Chomsky on Language Evolution

Noam Chomsky recently gave a lecture on the poverty of the stimulus at UCL  responding to topics such as language evolution and artificial language learning experiments. From about 89 minutes in he discusses iterated learning and language evolution, saying the conclusions derive from “serious illusions about evolution”:

Chomsky’s criticism of iterated learning experiments (see post here and here) is based on two points.  First, the emergence of structure is more to do with the intelligence of the modern humans taking part in the experiment than a realistic language evolving scenario.  He suggests that structure would not emerge in a series of computer programs without human intelligence.  As as a colleague pointed out, however, the first iterated learning experiments used computational models of this kind.  Secondly, he suggests that the view of evolution employed in the explanation of these systems is a pop-psychology, gradual hill-climbing one.  In fact, Chomsky claims, evolution of traits such as language or eyes derive from single, frozen accidents.  That is, evolution moves in leaps and bounds rather than small steps (Jim Hurford recently gave a lecture entitled ‘Reconciling linguistic jerks and biological creeps‘ on this topic).  Why else would humans be the only species with language?

Geoffrey Pullum counters this last point by asking why would an innately specified UG emerge so rapidly, but then freeze for tens of thousands of years, when (borrowing Phillip Lieberman’s point) traits such as lactose tolerance have emerged in the human genome within two thousand years.  Chomsky gives some examples of traits that have developed rapidly, but then only changed marginally.

I don’t think that proponents of iterated learning paradigms would have a problem with a sudden emergence of a capacity for advanced linguistic communication.  Although there is a continuity between human and non-human communication systems, we have some tricks that other animals don’t (see Michael’s post here).  However, the evolution of the structure of language after these mutations could owe a huge amount to processes of cultural transmission.  The universals we see in the world’s languages, then would be an amplification of weak biological biases.

However, Chomsky seems disillusioned with the whole field of what he calls ‘the evolution of communication’.  At least we didn’t get it as bad as exemplar theory, which he dismisses as “so outlandish it’s not worth thinking about”.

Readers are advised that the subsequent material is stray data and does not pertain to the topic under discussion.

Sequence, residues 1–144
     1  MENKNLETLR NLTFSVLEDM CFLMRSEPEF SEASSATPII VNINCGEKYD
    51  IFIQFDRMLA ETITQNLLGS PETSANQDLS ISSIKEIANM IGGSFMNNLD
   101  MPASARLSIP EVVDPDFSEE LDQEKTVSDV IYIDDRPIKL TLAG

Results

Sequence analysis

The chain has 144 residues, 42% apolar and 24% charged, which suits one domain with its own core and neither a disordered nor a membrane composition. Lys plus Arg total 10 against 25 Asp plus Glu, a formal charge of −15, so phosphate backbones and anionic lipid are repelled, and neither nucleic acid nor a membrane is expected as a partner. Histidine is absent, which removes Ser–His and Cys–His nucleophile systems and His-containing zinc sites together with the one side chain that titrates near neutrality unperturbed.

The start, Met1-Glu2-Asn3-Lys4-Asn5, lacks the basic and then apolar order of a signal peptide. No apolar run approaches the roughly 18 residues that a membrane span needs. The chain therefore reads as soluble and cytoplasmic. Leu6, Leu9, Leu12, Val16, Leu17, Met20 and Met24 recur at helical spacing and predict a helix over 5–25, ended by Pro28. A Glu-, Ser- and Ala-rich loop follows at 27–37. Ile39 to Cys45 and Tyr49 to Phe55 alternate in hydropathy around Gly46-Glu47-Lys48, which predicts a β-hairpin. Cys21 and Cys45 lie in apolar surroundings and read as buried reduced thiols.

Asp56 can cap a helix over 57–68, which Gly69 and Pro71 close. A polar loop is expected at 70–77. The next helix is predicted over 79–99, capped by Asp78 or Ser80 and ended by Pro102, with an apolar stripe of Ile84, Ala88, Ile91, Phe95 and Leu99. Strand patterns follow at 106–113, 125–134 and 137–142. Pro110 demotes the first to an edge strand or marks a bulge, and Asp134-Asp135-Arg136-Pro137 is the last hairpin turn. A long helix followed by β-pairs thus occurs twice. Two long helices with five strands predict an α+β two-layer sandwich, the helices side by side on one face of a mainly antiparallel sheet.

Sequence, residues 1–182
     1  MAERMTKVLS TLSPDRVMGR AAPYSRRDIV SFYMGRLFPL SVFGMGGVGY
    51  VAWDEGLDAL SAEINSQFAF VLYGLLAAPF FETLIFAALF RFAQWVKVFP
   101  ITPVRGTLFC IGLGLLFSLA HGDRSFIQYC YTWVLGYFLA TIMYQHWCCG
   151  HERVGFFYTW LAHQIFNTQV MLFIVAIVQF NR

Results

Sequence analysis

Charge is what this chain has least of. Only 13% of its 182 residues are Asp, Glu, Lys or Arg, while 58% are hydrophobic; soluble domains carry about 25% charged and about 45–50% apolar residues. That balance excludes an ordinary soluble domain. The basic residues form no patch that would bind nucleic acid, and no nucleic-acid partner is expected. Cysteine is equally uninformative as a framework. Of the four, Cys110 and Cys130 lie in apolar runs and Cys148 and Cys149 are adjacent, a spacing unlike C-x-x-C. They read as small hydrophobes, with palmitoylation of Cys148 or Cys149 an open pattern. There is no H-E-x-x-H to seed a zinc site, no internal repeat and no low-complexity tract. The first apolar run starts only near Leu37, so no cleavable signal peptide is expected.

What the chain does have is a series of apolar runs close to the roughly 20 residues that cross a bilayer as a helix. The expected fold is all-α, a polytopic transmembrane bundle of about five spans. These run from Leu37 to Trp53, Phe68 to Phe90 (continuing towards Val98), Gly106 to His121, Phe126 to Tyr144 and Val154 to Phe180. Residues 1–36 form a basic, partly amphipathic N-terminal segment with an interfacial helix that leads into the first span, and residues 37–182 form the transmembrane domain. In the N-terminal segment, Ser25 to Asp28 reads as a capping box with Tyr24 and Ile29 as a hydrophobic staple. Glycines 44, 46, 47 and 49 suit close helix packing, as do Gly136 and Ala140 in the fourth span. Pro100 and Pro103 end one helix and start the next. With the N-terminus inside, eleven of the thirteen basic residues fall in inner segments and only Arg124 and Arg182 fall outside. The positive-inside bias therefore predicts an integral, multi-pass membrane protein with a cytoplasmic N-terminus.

[Edit: I originally attributed Mark Liberman instead of Phillip Lieberman.  Now I’ve made this error in both directions!]

Mapping Linguistic Phylogeny to Politics

In a recent article covered in NatureNews in Societes Evolve in Steps, Tom Currie of UCL, and others, like Russell Gray of Auckland, use quantitative analysis of the Polynesian language group to plot socioanthropological movement and power hierarchies in Polynesia. This is based off of previous work, available here, which I saw presented at the Language as an Evolutionary Systemconference last July. The article claims that the means of change for political complexity can be determined using linguistic evidence in Polynesia, along with various migration theories and archaeological evidence.

I have my doubts.

Note: Most of the content in this post is refuted wonderfully in the comment section by one of the original authors of the paper. I highly recommend reading the comments, if you’re going to read this at all – that’s where the real meat lies. I’m keeping this post up, finally, because it’s good to make mistakes and learn from them. -Richard

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I had posted this already on the Edinburgh Language Society blog. I’ve edited it a bit for this blog. I should also state that this is my inaugural post on Replicated Typo; thanks to Wintz’ invitation, I’ll be posting here every now and again. It’s good to be here. Thanks for reading – and thanks for pointing out errors, problems, corrections, and commenting, if you do. Research blogging is relatively new to me, and I relish this unexpected chance to hone my skills and learn from my mistakes. (Who am I, anyway?) But without further ado:

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In a recent article covered in NatureNews in Societes Evolve in StepsTom Currie of UCL, and others, like Russell Gray of Auckland, use quantitative analysis of the Polynesian language group to plot socioanthropological movement and power hierarchies in Polynesia. This is based off of previous work, available here, which I saw presented at the Language as an Evolutionary Systemconference last July. The article claims that the means of change for political complexity can be determined using linguistic evidence in Polynesia, along with various migration theories and archaeological evidence.

I have my doubts. The talk that was given by Russell Gray suggested that there were still various theories about the migratory patterns of the Polynesians – in particular, where they started from. What his work did was to use massive supercomputers to narrow down all of the possibilities, by using lexicons and charting their similarities. The most probable were then recorded, and their statistical probability indicated what was probably the course of action. This, however, is where the ability for guessing ends. Remember, this is massive quantificational statistics. If one has a 70% probability chance of one language being the root of another, that isn’t to say that that language is the root, much less that the organisation of one determines the organisation of another. But statistics are normally unassailable – I only bring up this disclaimer because there isn’t always clear mapping between language usage and migration.

Continue reading “Mapping Linguistic Phylogeny to Politics”